Clinical outcome of standardized oxygen therapy nursing strategy in COVID-19

Link to article at PubMed

Ann Palliat Med. 2020 Jul 17:apm-20-1272. doi: 10.21037/apm-20-1272. Online ahead of print.


BACKGROUND: Novel coronavirus pneumonia (COVID-19) has become a global pandemic. However, a technical standard for oxygen therapy nursing, as well as how this would improve clinical outcomes and symptoms, is yet to be explored.

METHODS: From February 9, 2020, to March 31, 2020, 58 patients of confirmed COVID-19 were admitted to the 20th ward of the Eastern Branch, Renmin Hospital of Wuhan University. Fifteen patients who did not receive oxygen therapy and 13 patients who were transferred from other hospitals were excluded. The rest of the 30 patients that received standardized oxygen therapy in our unit were included in the study. Baseline characteristics, symptoms, and finger pulse oxygen saturation were collected during hospitalization.

RESULTS: Clinical outcomes of the 30 patients were as follows: 27 patients (90.00%) were cured and discharged; 3 patients (10.00%) who continued to stay in hospital were stabilized with symptoms relieved. The fingertip oxygen saturation was 94.80%±3.49% at ICU admission and 97.8%±1.27% when transferred out of ICU after standardized oxygen therapy (P<0.005). The symptoms of dyspnea, fatigue, and muscle aches of the patients were improved when transferred out of ICU, compared with their condition when admitted to ICU (P<0.05).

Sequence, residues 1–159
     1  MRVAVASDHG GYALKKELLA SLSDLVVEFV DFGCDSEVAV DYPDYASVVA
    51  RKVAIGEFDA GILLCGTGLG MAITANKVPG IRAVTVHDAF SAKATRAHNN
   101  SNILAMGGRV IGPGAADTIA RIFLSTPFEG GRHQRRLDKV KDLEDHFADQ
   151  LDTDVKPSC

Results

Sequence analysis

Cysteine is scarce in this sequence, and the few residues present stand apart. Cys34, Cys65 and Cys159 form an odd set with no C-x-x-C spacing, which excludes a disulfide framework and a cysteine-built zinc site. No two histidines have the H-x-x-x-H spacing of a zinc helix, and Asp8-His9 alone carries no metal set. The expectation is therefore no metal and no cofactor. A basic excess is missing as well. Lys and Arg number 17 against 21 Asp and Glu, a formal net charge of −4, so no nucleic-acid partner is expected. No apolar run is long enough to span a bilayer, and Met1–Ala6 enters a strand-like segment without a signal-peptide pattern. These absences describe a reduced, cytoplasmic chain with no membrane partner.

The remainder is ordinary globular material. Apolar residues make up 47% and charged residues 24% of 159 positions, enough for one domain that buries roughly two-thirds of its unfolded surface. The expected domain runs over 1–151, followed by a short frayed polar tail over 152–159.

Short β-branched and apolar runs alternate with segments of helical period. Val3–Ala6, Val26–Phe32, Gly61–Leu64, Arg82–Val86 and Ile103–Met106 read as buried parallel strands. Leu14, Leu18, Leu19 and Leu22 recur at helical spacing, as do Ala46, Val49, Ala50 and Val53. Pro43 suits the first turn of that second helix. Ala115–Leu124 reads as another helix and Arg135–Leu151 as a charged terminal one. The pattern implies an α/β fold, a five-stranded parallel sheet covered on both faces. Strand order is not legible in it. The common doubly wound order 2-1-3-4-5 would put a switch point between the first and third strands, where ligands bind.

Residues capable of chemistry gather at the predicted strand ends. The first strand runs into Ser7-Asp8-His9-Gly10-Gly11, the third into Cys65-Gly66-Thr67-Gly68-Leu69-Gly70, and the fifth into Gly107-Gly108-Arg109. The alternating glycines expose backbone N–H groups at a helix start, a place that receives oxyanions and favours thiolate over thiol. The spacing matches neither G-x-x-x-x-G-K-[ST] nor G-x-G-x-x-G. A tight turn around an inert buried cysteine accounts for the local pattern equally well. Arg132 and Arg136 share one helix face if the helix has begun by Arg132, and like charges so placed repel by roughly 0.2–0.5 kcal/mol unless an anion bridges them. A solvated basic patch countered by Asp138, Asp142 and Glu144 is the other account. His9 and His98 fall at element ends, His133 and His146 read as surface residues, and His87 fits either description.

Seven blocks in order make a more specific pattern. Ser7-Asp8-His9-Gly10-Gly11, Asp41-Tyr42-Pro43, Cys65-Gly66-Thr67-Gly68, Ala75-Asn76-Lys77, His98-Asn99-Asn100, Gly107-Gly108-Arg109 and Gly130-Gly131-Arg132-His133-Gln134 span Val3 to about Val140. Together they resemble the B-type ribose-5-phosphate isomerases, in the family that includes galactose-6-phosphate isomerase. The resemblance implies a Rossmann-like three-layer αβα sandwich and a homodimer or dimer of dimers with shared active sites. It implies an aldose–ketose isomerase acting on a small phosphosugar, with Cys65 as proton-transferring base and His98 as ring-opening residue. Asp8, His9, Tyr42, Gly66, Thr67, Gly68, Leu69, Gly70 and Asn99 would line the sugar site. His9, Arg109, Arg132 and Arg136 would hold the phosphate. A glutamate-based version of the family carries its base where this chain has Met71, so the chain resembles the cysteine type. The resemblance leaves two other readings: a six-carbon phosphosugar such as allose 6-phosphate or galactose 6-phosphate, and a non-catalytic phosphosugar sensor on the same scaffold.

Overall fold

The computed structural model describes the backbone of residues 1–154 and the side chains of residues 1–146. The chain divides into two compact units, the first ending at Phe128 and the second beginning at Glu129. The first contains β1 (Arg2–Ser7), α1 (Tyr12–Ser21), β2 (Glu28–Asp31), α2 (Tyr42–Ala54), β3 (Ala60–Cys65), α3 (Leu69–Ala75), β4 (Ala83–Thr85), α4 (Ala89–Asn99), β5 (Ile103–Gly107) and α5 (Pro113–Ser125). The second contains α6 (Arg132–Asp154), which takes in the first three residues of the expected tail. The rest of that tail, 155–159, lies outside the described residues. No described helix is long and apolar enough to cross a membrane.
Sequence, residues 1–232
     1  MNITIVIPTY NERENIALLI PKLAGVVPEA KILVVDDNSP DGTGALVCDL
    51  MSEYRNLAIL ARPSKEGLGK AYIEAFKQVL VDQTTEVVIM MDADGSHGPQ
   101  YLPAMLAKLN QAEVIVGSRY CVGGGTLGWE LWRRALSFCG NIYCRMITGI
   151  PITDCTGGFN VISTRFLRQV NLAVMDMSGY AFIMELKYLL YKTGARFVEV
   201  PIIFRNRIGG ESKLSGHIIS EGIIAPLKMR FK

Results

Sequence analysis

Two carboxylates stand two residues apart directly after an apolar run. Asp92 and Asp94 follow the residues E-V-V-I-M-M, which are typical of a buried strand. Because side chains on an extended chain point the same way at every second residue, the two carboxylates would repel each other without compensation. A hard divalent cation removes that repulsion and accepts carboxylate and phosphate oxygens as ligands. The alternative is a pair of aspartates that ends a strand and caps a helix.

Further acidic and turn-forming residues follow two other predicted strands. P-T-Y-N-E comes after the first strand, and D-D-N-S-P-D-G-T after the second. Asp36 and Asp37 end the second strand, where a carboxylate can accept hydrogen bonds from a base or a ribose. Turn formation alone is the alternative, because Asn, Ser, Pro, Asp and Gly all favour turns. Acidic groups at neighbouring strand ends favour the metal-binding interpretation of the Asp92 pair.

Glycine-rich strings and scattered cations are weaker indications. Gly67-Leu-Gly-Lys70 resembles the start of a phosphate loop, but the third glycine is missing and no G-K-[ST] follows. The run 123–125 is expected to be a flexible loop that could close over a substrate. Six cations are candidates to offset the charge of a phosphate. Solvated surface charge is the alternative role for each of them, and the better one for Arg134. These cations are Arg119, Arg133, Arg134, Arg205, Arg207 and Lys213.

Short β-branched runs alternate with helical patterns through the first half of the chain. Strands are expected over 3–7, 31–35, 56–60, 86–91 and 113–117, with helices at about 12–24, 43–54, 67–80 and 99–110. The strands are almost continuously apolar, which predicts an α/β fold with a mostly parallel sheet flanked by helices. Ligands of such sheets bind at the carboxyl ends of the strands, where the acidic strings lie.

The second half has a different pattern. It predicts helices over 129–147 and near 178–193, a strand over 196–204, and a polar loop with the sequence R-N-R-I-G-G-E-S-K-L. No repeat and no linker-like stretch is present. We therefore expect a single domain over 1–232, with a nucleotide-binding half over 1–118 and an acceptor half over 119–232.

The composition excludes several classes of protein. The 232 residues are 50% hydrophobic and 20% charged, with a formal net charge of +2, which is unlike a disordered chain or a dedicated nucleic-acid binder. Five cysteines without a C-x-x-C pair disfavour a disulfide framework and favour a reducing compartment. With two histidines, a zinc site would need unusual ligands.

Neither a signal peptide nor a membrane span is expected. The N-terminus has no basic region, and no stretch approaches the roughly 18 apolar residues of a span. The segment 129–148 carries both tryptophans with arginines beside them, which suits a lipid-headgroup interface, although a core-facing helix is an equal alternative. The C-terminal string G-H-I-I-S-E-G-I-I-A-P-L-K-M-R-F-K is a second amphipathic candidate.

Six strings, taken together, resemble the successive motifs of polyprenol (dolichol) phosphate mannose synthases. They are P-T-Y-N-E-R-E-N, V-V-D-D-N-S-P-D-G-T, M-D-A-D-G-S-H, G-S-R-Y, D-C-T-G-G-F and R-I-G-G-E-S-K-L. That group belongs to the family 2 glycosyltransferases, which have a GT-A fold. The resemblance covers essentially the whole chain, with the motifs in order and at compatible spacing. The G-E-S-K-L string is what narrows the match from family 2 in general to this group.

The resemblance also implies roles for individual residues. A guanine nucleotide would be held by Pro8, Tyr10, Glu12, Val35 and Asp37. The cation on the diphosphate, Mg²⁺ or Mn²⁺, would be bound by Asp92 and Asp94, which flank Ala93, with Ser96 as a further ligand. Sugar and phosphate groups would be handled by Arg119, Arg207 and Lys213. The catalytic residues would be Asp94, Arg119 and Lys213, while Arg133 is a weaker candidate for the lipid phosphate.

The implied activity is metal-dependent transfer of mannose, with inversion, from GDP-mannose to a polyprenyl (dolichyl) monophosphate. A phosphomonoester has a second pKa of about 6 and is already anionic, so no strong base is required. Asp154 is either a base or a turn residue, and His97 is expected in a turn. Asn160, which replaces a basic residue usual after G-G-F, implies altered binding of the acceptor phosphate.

CONCLUSIONS: The standardized oxygen therapy nursing strategy for patients with COVID-19 emphasizes the nursing measurement, which focuses on the patient's oxygenation. It is led by nurses and starts oxygen therapy at an earlier stage. It not only improves the clinical outcomes of critical patients but also effectively reduces the infection risk of medical staff while emphasizing nursing quality management.

PMID:32692228 | DOI:10.21037/apm-20-1272

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